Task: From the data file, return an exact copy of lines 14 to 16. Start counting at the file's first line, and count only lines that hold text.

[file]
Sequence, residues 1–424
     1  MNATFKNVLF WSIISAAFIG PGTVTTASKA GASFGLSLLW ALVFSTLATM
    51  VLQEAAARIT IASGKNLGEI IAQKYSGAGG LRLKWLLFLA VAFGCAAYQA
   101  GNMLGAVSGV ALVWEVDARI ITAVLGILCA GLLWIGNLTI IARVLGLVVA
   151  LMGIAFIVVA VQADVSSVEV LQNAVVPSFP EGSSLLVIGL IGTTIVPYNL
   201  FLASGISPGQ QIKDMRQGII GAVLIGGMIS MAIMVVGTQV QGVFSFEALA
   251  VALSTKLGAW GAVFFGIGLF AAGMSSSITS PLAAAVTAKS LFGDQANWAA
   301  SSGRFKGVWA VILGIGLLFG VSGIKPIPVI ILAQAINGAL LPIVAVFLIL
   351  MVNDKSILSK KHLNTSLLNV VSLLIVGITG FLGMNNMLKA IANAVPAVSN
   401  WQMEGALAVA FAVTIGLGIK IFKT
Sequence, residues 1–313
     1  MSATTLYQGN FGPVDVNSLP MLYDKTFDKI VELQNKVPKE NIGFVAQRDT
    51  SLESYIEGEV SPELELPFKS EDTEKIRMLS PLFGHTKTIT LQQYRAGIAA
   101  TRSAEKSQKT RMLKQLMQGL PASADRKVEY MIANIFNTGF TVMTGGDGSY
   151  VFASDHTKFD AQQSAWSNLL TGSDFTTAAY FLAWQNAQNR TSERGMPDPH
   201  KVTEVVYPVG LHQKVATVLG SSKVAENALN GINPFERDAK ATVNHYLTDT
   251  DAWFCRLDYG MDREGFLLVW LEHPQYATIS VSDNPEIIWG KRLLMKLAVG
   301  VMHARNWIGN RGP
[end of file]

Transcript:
   101  TRSAEKSQKT RMLKQLMQGL PASADRKVEY MIANIFNTGF TVMTGGDGSY
   151  VFASDHTKFD AQQSAWSNLL TGSDFTTAAY FLAWQNAQNR TSERGMPDPH
   201  KVTEVVYPVG LHQKVATVLG SSKVAENALN GINPFERDAK ATVNHYLTDT